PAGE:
Four-time Emmy award-winning actor, producer and comedian Rob Corddry is currently co-starring opposite Malin Åkerman, Erinn Hayes, Bria Samoné Henderson, Ryan Hansen and Jerry O’Connell in the comedy The Donor Party. He is best known for his work on Adult Swim’s satirical comedy series Childrens Hospital, which he created, executive produced, and starred in. In 2016, Corddry won his first-ever acting Emmy award for his role as the misfit-clown Dr. Blake Downs in the series. Between 2015 and 2019, Corddry starred as Joe Krutel in the hit HBO series Ballers, opposite Dwayne Johnson, and in 2019 he played Forrest on the CBS sitcom The Unicorn. From 2002 to 2006, Corddry was a correspondent on The Daily Show with Jon Stewart. Corddry’s numerous film credits including Hot Tub Time Machine and Hot Tub Time Machine 2, Office Christmas Party, Seeking a Friend for the End of the World, Sex Tape, Warm Bodies and The Heartbreak Kid. Originally from Weymouth, Massachusetts, Corddry studied and taught improv at the Upright Citizens Brigade in New York City. He resides in Los Angeles with his wife and two daughters. (Image by Federico Vargas.)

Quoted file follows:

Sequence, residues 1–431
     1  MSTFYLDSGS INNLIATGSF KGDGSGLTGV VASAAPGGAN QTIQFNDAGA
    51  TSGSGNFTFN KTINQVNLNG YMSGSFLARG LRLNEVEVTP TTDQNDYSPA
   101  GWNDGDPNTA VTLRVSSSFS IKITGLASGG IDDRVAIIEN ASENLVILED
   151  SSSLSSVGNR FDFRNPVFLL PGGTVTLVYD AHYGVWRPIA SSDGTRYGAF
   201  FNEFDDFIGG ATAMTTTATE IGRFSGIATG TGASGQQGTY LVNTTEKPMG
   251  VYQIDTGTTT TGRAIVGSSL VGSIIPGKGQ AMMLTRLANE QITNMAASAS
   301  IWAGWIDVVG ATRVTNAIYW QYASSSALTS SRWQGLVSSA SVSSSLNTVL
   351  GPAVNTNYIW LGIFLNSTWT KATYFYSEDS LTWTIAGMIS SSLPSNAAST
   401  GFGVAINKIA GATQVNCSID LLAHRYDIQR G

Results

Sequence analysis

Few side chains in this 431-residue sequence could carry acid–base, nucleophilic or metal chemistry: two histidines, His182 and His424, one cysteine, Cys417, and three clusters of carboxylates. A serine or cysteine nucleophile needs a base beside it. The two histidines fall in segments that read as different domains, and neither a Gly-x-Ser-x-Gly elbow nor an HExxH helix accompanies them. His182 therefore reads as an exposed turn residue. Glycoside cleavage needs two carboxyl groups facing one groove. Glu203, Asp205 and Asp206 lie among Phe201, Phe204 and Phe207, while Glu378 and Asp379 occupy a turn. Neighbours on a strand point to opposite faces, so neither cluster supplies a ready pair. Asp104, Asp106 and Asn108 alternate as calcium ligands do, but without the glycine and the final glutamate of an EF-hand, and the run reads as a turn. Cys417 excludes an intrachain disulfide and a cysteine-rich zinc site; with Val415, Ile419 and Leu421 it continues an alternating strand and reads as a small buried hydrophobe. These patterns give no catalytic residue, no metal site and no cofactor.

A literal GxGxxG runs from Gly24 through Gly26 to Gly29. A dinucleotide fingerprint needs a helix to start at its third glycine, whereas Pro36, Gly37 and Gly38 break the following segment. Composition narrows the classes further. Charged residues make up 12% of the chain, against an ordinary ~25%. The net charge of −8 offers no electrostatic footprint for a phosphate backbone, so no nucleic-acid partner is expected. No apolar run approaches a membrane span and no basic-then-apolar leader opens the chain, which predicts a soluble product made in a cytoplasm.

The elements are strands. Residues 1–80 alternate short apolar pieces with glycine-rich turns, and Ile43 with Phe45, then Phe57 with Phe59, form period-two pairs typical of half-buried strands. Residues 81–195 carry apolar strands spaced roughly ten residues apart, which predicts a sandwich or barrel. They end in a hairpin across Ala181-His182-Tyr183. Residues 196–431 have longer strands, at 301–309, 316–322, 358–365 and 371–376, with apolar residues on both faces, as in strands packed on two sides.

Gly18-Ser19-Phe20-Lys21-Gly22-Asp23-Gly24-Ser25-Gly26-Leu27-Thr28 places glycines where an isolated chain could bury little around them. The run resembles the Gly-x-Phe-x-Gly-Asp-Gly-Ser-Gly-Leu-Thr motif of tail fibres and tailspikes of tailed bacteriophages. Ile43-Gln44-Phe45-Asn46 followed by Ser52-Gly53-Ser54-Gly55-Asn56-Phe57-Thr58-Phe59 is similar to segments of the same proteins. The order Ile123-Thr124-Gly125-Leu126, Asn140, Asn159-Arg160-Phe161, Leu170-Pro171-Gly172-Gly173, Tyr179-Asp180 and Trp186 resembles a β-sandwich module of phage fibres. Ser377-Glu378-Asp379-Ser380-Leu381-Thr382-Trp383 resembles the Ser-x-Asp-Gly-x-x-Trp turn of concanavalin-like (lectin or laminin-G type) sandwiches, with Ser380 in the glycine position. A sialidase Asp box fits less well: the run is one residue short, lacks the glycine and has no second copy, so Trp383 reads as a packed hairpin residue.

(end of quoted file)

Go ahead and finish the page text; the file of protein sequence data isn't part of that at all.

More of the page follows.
Three Great Things is Talkhouse’s series in which artists tell us about three things they absolutely love. To mark the current release in theaters and on VOD of the comedy The Donor Party, starring Malin Åkerman, Rob Corddry, Erinn Hayes, Bria Samoné Henderson, Ryan Hansen and Jerry O’Connell, actor, comedian and all-round good guy Corddry shared some of the things he loves most in life. — N.D.
I quit drinking about a year and a half ago. It was at the tail end of the pandemic and it was mostly about just being exhausted by it. I was just like, “I’m done with it. I’m 51 years old and who needs alcohol?” As my friend Jerry said, “I’m sober. I’m not sober sober.” But regardless, I am sober, and I realized when I was with my wife in Greece this summer that I missed drinking on vacation. My wife and I had a long talk about this and it just so happened that, on that day, we were walking around and ended up at a cafe which had non-alcoholic beer. My wife said, “You should get a non-alcoholic beer,” and I replied, “First of all, I’m not a beer drinker. And second of all, non-alcoholic beer sucks …”